Well-known cannabis lawyer Paul Lewin claims the medical marijuana system is plagued with problems.

For starters, you can legally only get medical marijuana online. And when you do, you don’t speak to a medical person. You speak to a customer service rep at one of the big cannabis companies.

“Just as if you were buying a lamp,” quips Lewin. “You should be speaking to a pharmacist who can make suggestions or discuss contraindications.”

Then there’s all the waiting. Someone who uses cannabis on an as-needs basis could place an order and then wait days for it to come in the mail, says Lewin. 

“And you have to be waiting at home to receive it when it arrives. And what if you live in a shared facility? Why don’t they have pharmacies handling this? The medical side is an absolute failure.”


“It’s a mess on every level.”

That’s pot activist Jodie Emery weighing in by phone from British Columbia.


Emery is one of many voices claiming that there is no shortage of cannabis in Canada. She’s closed her shops in Vancouver and laid off 50 people, because B.C. is shutting all the dispensaries— even though legal product is scarce and no oils or edibles are available from the government.

Just more unhappy news for users of medical marijuana.

After years of fighting for legalization, Emery says she and her husband Marc did not have great expectations.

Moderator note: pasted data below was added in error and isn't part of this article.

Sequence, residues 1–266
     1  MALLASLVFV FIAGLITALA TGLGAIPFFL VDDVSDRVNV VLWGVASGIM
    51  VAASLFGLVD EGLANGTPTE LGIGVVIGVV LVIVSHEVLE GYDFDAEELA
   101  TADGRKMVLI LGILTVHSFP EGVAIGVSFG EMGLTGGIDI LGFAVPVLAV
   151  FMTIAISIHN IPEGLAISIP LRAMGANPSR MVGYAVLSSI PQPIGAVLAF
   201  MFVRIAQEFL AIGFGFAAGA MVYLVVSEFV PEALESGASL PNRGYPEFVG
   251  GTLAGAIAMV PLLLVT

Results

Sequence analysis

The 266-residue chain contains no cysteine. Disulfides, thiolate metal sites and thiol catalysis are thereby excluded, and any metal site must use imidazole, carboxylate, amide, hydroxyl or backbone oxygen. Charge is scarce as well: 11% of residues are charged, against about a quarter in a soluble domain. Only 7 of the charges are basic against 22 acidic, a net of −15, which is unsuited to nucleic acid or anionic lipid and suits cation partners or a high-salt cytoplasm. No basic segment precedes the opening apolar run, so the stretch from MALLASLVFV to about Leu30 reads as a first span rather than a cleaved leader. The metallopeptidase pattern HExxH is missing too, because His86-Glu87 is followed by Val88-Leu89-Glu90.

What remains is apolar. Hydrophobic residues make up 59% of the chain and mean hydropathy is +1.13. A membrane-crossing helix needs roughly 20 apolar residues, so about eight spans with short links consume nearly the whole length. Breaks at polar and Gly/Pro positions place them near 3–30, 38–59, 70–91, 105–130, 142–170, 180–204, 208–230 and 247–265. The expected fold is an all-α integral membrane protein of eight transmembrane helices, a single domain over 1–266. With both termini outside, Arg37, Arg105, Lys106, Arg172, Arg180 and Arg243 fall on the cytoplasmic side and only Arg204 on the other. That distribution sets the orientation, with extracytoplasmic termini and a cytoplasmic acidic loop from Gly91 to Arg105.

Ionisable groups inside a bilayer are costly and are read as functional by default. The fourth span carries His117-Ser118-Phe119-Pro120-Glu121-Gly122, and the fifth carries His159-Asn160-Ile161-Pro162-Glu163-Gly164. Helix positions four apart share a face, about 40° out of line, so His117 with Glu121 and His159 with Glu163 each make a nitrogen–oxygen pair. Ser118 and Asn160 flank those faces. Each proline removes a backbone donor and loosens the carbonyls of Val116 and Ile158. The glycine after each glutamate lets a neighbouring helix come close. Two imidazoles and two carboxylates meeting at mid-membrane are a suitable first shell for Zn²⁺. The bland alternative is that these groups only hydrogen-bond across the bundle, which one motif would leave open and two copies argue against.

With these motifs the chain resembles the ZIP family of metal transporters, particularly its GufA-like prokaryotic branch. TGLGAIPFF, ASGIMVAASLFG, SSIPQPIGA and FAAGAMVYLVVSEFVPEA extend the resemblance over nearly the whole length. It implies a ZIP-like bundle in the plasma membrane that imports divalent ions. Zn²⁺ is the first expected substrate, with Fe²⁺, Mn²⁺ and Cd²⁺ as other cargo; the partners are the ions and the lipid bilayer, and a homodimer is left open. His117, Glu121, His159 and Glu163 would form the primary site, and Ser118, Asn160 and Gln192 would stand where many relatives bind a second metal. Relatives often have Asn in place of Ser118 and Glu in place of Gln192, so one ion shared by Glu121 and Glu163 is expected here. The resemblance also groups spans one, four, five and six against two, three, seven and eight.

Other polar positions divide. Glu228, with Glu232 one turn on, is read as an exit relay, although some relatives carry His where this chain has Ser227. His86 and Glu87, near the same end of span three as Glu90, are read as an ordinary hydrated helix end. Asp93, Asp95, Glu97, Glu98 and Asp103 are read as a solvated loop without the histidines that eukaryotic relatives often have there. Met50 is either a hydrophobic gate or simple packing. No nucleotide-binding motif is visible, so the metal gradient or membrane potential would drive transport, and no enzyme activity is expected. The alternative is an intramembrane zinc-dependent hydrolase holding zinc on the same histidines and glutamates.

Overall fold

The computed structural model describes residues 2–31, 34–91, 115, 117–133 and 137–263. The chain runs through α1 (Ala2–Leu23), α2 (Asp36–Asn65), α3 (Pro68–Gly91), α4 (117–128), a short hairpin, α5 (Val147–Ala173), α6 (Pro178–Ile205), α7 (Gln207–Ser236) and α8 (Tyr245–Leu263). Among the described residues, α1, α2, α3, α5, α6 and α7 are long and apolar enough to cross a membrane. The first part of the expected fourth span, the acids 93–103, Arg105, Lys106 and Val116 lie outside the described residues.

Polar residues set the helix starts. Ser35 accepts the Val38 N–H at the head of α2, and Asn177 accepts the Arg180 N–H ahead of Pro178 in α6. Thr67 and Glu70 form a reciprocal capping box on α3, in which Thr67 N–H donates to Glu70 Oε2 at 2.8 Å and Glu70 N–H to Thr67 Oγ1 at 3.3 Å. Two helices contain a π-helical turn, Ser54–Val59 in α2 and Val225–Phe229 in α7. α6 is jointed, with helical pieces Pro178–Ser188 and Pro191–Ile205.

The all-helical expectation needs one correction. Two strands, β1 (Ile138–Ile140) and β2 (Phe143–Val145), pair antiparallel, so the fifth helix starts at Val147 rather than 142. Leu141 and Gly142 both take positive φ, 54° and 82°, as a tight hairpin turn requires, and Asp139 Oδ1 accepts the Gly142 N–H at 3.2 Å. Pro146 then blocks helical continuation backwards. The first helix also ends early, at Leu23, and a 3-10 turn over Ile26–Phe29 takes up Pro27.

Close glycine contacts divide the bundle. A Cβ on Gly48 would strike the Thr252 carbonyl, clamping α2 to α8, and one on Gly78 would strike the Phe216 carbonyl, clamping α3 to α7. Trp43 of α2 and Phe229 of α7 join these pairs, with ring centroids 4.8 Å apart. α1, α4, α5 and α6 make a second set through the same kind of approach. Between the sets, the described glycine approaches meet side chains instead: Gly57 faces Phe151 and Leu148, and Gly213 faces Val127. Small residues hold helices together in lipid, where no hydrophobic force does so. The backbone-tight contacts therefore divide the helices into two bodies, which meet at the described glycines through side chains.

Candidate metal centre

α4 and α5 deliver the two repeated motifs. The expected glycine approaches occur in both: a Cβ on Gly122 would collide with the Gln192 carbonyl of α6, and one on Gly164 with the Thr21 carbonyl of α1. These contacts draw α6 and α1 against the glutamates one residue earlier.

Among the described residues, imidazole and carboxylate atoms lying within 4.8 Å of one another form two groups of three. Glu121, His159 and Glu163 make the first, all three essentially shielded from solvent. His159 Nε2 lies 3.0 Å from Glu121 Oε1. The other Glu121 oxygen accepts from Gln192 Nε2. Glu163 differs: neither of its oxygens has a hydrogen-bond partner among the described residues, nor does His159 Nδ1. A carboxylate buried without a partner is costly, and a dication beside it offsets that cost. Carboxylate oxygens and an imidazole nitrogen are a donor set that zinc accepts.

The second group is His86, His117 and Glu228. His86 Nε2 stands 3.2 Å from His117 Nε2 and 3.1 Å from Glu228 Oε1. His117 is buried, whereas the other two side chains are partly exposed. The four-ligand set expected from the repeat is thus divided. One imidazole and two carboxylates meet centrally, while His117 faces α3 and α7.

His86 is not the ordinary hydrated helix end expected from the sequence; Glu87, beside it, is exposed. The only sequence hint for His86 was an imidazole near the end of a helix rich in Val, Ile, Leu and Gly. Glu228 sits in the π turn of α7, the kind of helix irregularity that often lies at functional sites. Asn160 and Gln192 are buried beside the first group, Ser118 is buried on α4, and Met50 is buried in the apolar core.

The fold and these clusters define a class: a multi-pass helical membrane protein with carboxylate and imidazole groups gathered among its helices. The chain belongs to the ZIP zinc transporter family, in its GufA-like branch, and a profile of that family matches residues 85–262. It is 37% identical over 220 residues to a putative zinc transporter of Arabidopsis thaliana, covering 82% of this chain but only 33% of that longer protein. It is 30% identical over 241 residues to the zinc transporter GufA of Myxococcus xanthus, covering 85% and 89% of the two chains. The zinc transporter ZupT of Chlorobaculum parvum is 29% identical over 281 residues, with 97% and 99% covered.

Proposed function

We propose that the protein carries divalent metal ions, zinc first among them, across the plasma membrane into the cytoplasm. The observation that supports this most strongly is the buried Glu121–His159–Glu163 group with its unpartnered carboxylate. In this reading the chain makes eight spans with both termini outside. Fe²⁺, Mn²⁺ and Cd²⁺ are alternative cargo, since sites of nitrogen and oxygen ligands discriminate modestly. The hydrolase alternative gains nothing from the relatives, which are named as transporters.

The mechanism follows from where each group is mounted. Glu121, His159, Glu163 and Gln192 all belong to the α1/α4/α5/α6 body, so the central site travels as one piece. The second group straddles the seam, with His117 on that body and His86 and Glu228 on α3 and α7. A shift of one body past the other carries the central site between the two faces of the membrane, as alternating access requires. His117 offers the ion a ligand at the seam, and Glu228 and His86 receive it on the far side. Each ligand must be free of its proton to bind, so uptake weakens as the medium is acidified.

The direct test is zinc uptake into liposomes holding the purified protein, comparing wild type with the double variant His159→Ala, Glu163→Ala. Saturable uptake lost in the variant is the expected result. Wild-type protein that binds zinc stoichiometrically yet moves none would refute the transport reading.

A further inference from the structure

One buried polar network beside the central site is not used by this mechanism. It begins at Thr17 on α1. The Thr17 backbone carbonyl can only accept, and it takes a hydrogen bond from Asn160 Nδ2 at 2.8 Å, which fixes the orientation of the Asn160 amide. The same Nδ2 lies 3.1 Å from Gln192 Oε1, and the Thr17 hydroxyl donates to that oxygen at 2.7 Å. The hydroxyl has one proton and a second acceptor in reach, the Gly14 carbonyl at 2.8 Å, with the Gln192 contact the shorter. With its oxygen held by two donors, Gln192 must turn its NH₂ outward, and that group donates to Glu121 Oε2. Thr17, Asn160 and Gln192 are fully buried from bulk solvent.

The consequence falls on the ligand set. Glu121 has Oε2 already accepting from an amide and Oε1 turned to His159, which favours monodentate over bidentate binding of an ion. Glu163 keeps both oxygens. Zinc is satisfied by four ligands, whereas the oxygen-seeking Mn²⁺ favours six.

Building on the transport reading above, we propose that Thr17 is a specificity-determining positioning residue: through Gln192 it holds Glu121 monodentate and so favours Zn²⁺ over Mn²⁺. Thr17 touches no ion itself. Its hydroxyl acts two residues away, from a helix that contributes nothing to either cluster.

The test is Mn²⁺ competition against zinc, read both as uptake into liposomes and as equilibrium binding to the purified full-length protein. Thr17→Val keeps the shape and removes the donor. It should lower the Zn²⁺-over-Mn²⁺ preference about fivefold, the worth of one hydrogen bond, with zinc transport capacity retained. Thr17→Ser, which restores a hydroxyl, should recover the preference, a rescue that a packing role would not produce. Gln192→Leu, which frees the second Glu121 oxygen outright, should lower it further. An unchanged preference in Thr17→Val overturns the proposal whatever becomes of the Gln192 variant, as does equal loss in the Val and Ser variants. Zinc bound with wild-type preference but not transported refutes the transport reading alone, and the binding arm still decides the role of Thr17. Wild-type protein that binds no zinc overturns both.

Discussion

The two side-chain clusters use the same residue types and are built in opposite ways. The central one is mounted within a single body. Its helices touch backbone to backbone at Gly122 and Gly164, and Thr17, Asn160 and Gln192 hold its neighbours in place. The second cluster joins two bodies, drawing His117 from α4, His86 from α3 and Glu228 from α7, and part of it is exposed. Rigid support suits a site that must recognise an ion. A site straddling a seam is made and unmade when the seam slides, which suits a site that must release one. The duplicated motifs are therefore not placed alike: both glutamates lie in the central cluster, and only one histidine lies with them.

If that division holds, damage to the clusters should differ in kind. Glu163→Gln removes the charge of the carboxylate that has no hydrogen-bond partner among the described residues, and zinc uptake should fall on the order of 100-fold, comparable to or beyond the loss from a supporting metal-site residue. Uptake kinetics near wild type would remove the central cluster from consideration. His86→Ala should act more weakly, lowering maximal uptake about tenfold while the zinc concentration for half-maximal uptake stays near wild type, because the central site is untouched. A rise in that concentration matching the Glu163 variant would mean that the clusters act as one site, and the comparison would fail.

“We knew government would mess up legalization, but we had no idea how badly they would mess it up.”

It’s as if it were intentional …

“It starts to feel as if it’s all by design. People say the government is making mistakes, but I don’t think so,” she adds. “It’s more like they’re making sure the cannabis criminalization business — police, politicians and everyone involved in cracking down on cannabis — get more money, more laws, more power to go after people. It continues to reward and benefit the prohibitionists and the criminalization regime. And it continues to reward the big business operations who are friends with the government.

“And it continues to punish the activist and the prohibition victims and everyone else who thought they’d have some liberation under legalization.”

Pot dispensaries are being closed down in Vancouver even as the city embarks on a pilot project to give hydromorphone to opioid addicts. It’s an overdose prevention strategy.

As Emery points out, there are umpteen medical studies proving cannabis is an effective tool in ameliorating withdrawal and decreasing relapse likelihood for opioid addicts in treatment.

“I’m all for harm reduction,” says Emery, “but it’s insane that the city will allow people to access hard drugs that kill, but refuse to let us have the safe alternative.”

She doubts government will ever admit they blundered because people might wonder what else the government got wrong.

“And that’s what government fears the most! It’s not even about cannabis, it’s about questioning authority. Going back to the ‘60s, and the original Nixon crackdown, it’s all because cannabis itself encourages people to question authority.”

Source: Toronto Sun